I had breakfast with Mary Jones today. I wrote about her a month ago when she invited me to share her table at a chicken restaurant, and we ended up having a good conversation over many French fries. Today she showed up at the coffee-and-bagel place with her backpack and bandolier, ski hat, two sweatshirts, an anorak, and bright yellow galoshes.
“It’s the French gentleman,” she said brightly, “named after a chateau. Or maybe a wine, I forget. One of the two.”
She sat down across from me, arranged her belongings in a neat pile and looked at me with the smallest of grins. “I was going to have a small cup of hot chocolate…”
We went up to the counter. She ordered two large hot chocolates, an everything-bagel, a cheese soufflés and an egg and croissant sandwich. Then she ordered three chocolate chip cookies to go. I paid and she thanked me. “I should run into you more often,” she smiled.
Mary is not quite homeless. She prefers to call herself ‘in transit.’ She lives in a welfare motel a couple of miles away and gets by on Social Security, a small retirement check, money from her ex-husband’s retirement, and occasional checks from her grown children. “He was in the military,” she says of her ex, “but then he dumped me.”
She pulled out a cell phone. “May I have your number? You know, in case of an emergency.”
I gave it to her and got hers in return.
The last time I saw Mary, she was wearing a badge-festooned Girl Scout sash. She’d found it in the street, she told me, and hoped that by wearing it openly, she might run into the Scout who’d lost it. I asked her if the owner had recovered it.
She speared a forkful of soufflé into her mouth and shook her head. “Nope. Well, actually I don’t know. Maybe. I returned it to the Girl Scout headquarter, downtown in DC.”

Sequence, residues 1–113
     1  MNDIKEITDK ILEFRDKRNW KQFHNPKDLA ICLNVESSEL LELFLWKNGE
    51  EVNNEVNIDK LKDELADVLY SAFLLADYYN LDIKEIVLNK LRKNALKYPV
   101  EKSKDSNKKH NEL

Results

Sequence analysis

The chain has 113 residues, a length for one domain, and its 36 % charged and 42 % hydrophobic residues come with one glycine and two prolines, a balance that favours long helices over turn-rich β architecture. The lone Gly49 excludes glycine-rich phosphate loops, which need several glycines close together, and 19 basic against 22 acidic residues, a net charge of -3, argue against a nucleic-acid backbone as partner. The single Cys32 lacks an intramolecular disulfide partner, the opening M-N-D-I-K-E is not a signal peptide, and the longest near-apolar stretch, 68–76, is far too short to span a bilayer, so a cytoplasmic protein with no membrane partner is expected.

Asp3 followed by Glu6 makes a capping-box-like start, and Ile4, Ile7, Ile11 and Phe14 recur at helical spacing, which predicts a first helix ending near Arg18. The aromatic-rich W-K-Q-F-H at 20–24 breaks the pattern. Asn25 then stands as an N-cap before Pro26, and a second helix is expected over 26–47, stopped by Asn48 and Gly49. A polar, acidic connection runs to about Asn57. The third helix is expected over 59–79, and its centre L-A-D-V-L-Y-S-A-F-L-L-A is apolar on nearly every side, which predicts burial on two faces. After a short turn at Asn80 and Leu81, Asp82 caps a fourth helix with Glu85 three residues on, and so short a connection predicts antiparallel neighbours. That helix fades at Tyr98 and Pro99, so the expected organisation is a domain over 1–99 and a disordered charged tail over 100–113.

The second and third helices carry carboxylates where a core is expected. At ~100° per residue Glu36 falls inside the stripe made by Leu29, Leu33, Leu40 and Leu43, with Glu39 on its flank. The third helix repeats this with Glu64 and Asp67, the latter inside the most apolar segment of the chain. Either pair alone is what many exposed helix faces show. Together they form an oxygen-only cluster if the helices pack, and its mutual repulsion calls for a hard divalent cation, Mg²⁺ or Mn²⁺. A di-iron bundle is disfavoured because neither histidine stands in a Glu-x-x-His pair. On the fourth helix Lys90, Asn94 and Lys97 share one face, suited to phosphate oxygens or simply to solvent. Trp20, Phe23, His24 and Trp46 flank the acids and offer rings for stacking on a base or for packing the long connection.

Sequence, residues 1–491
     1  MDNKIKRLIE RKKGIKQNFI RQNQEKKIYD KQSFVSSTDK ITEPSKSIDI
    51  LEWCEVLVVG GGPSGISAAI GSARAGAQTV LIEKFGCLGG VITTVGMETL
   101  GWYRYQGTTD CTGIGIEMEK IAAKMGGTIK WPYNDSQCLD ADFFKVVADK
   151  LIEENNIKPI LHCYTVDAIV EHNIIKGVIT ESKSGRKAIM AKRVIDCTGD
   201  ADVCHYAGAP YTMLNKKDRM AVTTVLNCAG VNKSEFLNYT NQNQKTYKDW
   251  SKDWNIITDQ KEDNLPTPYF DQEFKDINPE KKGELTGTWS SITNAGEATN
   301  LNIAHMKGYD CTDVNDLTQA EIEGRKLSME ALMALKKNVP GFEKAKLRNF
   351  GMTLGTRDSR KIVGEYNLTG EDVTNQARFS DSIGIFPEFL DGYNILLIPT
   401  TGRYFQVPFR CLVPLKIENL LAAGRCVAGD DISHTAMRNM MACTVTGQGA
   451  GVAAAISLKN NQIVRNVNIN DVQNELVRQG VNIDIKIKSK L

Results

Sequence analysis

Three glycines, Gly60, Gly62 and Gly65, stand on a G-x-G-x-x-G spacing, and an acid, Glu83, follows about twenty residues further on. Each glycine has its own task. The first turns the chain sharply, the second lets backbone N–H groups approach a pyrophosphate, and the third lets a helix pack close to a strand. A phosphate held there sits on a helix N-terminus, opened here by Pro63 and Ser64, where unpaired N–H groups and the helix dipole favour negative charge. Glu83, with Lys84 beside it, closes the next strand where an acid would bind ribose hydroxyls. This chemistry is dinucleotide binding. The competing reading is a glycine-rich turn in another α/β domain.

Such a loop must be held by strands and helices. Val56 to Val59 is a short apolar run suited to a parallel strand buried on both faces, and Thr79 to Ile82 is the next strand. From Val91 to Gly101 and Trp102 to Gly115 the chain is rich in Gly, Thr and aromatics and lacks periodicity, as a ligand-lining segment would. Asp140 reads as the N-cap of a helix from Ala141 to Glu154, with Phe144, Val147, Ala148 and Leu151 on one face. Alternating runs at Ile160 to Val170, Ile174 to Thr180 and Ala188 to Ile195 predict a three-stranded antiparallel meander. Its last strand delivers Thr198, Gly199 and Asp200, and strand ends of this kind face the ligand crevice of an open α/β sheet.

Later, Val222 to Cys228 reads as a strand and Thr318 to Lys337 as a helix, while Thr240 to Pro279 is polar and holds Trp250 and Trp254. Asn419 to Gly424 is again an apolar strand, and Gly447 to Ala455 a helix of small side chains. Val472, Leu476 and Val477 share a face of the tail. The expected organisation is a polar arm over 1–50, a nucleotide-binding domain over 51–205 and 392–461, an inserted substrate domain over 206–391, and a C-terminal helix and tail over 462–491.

I vaguely remembered that was on Connecticut Avenue. “I took the train,” she said. “It was a nice ride. They promised to try to find the owner. They said they could maybe do it with the badges.”
She finished the first cup of hot chocolate. “So what’re you doing for Christmas?”
I told her I wasn’t sure. Most of the people I know either do not celebrate or are out of town.
“I am going to eat like there’s no tomorrow,” she said. She pulled a folded sheet of paper out of a pocket.
“These are all the local churches that have Christmas Eve and Christmas day dinners. And there’s this place in Falls Church, a sobriety club that has an all-day meal. I’ve been going there for three years.”
She buttered a piece bagel. “Should’ve gotten cream cheese.” I stood up to get her some but she waved me back to my seat.
“Anyway, what I do is hang out at that club, and at the end of the meal, they let me and some others take all the leftover food we want.”
She looked up at me. There was a bagel crumb on her upper lip. I struggled not to wipe it off with a napkin. She must have noticed and did it herself.
“You should come, if you don’t have anything else to do.”
I said I just might.
I searched my pockets, found a $50 I was going to spend on Christmas presents and gave it to her. She didn’t remonstrate, but she offered a wide smile.
She asked what I had planned for the day. I told her I was having eye surgery next week and needed some lab work, and that I would be meeting writer friends later that morning.
She smiled. “Writing. Writing is good.”